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Breast Cancer Clinical Trial May Reduce Chemotherapy in Some Patients

October 17, 2022

Individuals with HER2-positive breast cancer may soon require less chemotherapy before surgery, thanks to a clinical trial currently underway at the Hartford HealthCare Cancer Institute. > Schedule an appointment with an expert

Reducing chemotherapy cycles

For patients with HER2-positive breast cancer, the standard of care is six to eight cycles of chemotherapy before surgery. With the clinical trial, which is open at multiple Hartford HealthCare sites including St. Vincent’s Medical Center in Bridgeport, patients are undergoing only four cycles of treatment prior to surgery. “This trial for HER2-positive breast cancer is looking at the approach to using chemotherapy before surgery,” said medical oncologist Sara Dost, MD, with St. Vincent’s Medical Center. “We are looking to see if we can give less chemotherapy drugs for a shorter duration of time, compared to the usual approach for HER2-positive breast cancers, without compromising outcomes.”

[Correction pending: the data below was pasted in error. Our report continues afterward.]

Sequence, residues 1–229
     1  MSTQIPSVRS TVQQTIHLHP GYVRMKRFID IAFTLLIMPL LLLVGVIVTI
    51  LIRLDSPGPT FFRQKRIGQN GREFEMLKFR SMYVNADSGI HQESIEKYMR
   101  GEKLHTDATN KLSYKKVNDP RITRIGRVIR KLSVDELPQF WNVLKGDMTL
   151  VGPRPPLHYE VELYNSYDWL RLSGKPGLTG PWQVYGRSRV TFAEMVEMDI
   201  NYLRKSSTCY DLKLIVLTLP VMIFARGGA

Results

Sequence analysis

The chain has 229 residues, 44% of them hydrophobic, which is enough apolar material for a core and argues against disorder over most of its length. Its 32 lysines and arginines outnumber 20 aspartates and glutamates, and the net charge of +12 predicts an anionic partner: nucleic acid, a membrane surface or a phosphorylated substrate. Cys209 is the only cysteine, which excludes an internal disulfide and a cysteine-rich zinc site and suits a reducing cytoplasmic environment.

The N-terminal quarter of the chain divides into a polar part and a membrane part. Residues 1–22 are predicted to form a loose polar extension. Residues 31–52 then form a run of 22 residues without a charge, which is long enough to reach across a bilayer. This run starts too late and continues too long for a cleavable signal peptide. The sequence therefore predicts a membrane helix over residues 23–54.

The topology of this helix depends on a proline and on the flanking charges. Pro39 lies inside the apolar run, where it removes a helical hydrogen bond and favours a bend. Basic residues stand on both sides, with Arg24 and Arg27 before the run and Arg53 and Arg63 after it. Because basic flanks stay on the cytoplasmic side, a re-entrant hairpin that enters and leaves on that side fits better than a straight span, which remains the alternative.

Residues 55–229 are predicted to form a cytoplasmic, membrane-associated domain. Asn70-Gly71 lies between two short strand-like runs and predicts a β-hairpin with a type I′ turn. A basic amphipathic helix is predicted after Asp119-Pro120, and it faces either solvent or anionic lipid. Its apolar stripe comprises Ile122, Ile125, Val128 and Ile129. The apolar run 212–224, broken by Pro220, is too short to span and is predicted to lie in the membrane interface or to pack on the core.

Not all breast cancer patients qualify

This clinical trial is for those patients who are HER2-positive. HER2 is a protein that helps breast cancer cells grow faster. Breast cancer cells with higher than normal levels of HER2 are called HER2-positive. “Patients must be clinical stage II, meaning that the cancer is in your lymph nodes under your arm or the tumor is greater than 2 centimeters in size and you have not yet received treatment,” Dr. Dost said. Patients are then evaluated after surgery. If the cancer in the breast or lymph nodes has completely responded to initial chemotherapy, then the patients may move on to receive further maintenance therapy targeting the HER2 protein. If there is residual cancer at the time of surgery, then the more standard approach of additional chemotherapy may be indicated. > Want more health news? Text MoreLife to 31996 to sign up for text alerts

Early positive outcomes

While the official study data has not yet been released, several patients involved in the trial are doing well after surgery. “The patients are grateful to have received less chemotherapy,” Dr. Dost said. “Less chemotherapy means fewer side effects.”